Sonam Dandron, a stonecutter living near Taklung monastery, told The Guardian that as the walls shook around him, he snatched up his grandson and fled their home. Without a thought for his son, daughter and other relatives, he ran to check on a revered Buddhist lama living nearby on the hillside. “I cried out when I saw he was trapped in the rubble and his leg was covered in blood. But he said 'go back and save your children',” the stonecutter recalled. Three of his young grandchildren died in the the quake. [Source: Tania Branigan, The Guardian, April 16, 2010]

Genqiu Renqin, a teacher who lives in Sichuan Province, about 60 miles from Yushu, said he felt the earth shake on Wednesday morning and immediately drove to see if relatives who live near the epicenter were safe. Almost all of their homes were badly damaged, but luckily no one was seriously injured, he said, speaking by phone from a town about 25 miles from the county seat. All the people in the area are camping out for now.

Rescues After the Qinghai Earthquake

Wu Yong, an officer in the Chinese Army, said that the road to the airport was impassable and that soldiers were digging people out from collapsed homes by hand.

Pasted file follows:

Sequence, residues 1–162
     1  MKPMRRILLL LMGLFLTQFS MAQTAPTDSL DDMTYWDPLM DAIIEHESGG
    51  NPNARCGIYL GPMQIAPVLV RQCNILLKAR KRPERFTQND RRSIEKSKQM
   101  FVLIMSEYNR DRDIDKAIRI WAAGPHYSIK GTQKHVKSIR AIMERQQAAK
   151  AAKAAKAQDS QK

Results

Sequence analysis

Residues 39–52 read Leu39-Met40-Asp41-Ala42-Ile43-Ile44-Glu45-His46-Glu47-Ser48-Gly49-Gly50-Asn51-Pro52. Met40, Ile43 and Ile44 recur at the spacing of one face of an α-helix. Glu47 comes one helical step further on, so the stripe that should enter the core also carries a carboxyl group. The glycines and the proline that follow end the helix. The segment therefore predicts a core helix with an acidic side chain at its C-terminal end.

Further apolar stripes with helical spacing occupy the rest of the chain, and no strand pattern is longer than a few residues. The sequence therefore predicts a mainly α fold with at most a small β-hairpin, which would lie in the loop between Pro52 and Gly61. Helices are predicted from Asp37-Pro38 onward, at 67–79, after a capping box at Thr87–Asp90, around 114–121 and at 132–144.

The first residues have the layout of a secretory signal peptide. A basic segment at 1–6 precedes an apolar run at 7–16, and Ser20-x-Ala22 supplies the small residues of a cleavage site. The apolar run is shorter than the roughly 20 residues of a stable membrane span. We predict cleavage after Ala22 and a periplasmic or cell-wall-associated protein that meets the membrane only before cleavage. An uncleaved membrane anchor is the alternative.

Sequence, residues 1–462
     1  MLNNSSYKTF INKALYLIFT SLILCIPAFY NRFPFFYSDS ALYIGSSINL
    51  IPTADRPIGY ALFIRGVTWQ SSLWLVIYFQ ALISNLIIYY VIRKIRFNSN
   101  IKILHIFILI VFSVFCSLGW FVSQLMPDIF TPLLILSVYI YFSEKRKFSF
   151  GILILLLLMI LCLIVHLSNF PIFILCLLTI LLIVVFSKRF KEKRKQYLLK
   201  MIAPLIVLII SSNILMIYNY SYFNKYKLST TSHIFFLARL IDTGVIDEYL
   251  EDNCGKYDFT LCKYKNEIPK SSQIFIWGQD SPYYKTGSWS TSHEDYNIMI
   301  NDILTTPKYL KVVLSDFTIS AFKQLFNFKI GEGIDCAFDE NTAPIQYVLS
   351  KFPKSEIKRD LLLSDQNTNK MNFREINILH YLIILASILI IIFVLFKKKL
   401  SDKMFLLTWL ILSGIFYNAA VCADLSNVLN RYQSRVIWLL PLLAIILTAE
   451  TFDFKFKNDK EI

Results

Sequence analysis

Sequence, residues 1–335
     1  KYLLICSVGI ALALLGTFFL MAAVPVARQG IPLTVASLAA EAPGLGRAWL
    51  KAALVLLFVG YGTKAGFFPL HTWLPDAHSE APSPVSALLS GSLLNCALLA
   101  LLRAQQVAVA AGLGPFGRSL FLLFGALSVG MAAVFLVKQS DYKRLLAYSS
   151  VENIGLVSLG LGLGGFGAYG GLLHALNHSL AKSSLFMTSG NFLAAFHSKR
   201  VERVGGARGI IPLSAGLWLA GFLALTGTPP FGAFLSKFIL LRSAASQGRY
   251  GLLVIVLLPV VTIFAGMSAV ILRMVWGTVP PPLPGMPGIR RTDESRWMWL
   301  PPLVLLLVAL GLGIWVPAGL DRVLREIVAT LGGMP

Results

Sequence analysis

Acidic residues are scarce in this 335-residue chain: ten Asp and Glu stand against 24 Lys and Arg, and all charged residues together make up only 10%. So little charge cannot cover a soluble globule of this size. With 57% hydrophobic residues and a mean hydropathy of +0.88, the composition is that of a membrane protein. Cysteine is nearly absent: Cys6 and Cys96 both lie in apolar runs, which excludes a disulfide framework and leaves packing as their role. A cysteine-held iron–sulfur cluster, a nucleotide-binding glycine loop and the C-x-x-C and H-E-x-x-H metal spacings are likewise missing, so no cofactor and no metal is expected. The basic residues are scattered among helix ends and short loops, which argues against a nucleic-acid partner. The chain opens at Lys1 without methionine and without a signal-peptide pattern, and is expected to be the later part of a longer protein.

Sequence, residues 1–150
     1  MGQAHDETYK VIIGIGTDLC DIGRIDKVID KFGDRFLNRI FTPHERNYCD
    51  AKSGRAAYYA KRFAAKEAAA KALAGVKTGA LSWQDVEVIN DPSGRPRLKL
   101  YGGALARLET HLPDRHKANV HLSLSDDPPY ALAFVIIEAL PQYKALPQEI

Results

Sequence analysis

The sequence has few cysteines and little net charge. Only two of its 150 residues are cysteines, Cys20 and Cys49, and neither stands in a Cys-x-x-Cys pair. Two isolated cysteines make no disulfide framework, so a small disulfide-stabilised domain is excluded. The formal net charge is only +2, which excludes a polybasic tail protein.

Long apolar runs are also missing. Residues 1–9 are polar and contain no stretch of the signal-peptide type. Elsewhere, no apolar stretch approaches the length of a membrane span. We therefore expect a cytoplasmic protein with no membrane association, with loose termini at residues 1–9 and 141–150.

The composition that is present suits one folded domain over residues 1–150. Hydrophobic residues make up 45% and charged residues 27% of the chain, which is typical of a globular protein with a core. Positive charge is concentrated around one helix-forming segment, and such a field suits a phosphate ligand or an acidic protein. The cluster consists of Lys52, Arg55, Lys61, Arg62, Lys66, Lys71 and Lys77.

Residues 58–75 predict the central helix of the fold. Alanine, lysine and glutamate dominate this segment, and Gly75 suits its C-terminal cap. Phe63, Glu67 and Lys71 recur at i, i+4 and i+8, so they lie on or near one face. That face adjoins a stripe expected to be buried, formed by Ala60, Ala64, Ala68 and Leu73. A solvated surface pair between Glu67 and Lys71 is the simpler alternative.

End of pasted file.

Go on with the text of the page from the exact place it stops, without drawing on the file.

State news media reported that 700 paramilitary officers were already working in the quake zone and that more than 4,000 others would be sent to assist in search and rescue efforts. The civil affairs ministry said it would also send 5,000 tents and 100,000 coats and blankets. [Source: Andrew Jacobs, New York Times, April 14, 2010]

Workers also were rushing to release water from a reservoir after cracks were discovered in a dam, according to the China Earthquake Administration.

By the third day scores of army trucks and other rescue vehicles were arriving into the area during both day and night. Some teams had come from as far away as Southern Hainan Province. But

While residents of the tent city that has sprung up on the town's racetrack were grateful for voluntary rescue efforts, there was widespread grumbling at what many perceived as the slow response of authorities. A woman at the racetrack said: “This is not like the TV reports. They said a lot of donations are coming in, but go and have a look — people don't have any supplies.” In another sign of underlying tensions, many Tibetans insisted the earthquake had been set off by mining in the area, despite no evidence to suggest extraction can cause such tremors. [Source: Tania Branigan, The Guardian, April 16, 2010]